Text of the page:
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As i know from the text book $\frac{d}{dx}$$F(x,y)$=$F_1 (x,y)$ but i wonder why it is not equal to$F_1(x,y)+F_2 (x,y)$$\frac{dy}{dx}$

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What? Please give the definition of differentiation you're working with. –  Alex Becker Jan 2 '12 at 8:29
    
$F$ is just any differentiable function with 2 variable x and y and the $F_1$ is the partial derivative –  johnny Jan 2 '12 at 8:35
    
The partial derivative with respect to x? This is usually written $F_x$. –  Alex Becker Jan 2 '12 at 8:36
    
really?my text book usually use $F_1$. –  johnny Jan 2 '12 at 8:39
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In any case if you mean by F_ the partial derivative to y, then $dy/dx$ is usually zero unles the variabele $x$ would be depended of $x$ as well. Usually this is not the case in these exercices. –  MrOperator Jan 2 '12 at 8:41
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closed as not a real question by Austin Mohr, tomasz, William, Quixotic, rschwieb Sep 14 '12 at 16:36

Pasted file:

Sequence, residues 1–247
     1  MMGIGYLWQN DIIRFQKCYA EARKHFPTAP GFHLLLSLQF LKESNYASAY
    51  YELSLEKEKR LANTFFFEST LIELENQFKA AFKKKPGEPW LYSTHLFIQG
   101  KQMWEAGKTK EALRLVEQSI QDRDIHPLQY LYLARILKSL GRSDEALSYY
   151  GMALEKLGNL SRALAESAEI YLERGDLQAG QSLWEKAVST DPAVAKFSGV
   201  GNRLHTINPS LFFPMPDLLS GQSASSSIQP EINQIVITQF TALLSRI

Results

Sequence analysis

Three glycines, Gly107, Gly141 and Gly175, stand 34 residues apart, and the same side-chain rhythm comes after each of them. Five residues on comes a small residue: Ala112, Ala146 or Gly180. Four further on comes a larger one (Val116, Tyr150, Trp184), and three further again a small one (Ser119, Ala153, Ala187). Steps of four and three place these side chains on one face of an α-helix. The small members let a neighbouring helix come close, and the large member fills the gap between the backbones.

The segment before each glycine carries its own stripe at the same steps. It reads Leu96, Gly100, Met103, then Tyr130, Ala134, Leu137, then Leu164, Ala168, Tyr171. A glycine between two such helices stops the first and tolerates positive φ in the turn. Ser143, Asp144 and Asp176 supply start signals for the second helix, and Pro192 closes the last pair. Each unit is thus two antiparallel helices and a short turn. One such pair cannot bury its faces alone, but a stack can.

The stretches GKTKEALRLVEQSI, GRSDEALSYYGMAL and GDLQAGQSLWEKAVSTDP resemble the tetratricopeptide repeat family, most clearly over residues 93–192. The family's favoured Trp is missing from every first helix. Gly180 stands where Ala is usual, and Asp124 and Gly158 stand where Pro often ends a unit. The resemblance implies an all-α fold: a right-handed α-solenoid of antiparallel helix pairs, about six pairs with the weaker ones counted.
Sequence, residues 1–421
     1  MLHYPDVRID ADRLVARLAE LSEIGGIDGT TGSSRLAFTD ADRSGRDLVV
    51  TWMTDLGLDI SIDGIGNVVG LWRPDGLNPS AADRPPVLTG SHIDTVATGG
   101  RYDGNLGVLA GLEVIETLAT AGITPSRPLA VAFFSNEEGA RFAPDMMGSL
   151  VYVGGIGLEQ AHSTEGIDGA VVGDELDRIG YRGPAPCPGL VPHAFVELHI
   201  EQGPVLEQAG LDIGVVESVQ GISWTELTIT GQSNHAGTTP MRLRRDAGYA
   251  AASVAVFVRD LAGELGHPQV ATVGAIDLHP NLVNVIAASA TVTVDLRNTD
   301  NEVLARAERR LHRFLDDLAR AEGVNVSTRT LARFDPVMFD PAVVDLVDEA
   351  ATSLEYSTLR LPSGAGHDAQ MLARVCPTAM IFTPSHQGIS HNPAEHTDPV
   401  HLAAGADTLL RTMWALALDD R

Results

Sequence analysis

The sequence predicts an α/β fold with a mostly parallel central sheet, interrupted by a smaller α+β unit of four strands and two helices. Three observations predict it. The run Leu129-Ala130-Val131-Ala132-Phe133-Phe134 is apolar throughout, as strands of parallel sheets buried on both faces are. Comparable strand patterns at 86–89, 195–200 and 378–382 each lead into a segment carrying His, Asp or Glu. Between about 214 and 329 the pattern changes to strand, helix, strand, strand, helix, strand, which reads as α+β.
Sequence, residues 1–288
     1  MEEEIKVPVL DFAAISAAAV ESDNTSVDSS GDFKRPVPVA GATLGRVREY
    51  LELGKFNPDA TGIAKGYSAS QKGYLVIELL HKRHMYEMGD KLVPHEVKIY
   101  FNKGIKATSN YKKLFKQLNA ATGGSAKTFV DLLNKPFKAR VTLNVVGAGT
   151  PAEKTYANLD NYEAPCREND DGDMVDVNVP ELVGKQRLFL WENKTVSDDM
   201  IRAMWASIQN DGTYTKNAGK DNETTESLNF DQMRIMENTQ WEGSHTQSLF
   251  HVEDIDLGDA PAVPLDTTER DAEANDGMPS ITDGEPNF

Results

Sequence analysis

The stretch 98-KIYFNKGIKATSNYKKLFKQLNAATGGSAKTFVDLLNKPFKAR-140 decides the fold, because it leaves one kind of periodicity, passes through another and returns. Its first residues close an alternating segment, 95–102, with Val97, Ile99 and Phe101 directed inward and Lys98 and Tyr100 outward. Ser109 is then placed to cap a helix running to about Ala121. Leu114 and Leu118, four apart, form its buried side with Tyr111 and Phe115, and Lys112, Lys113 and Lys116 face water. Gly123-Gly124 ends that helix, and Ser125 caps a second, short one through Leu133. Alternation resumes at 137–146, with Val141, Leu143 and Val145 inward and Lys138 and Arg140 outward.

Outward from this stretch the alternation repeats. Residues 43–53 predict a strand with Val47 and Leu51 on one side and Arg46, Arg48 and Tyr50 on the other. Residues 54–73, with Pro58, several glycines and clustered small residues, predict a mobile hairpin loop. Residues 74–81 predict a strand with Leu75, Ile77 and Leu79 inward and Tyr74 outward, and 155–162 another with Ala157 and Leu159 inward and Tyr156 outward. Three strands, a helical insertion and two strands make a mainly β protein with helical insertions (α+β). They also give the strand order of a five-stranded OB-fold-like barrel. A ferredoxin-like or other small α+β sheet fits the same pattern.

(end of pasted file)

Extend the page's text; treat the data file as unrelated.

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1 Answer

It seems there is confusion between the partial derivative, and the full derivative. Indeed, the expression you wrote is correct - the full derivative is of F(x,y) in respect to x is: $$\frac{d}{dx}F(x,y)=F_x (x,y) + \frac{dy}{dx} F_y (x,y)$$ The partial derivative $\frac{\partial}{\partial x} F(x,y) = F_x (x, y)$ is just an expression which calculates the function's dependence on x, while assuming that x is independent from y. When having concrete x and y this may not be the case, and the previous expression - which is a simple application of the chain rule - is applicable.

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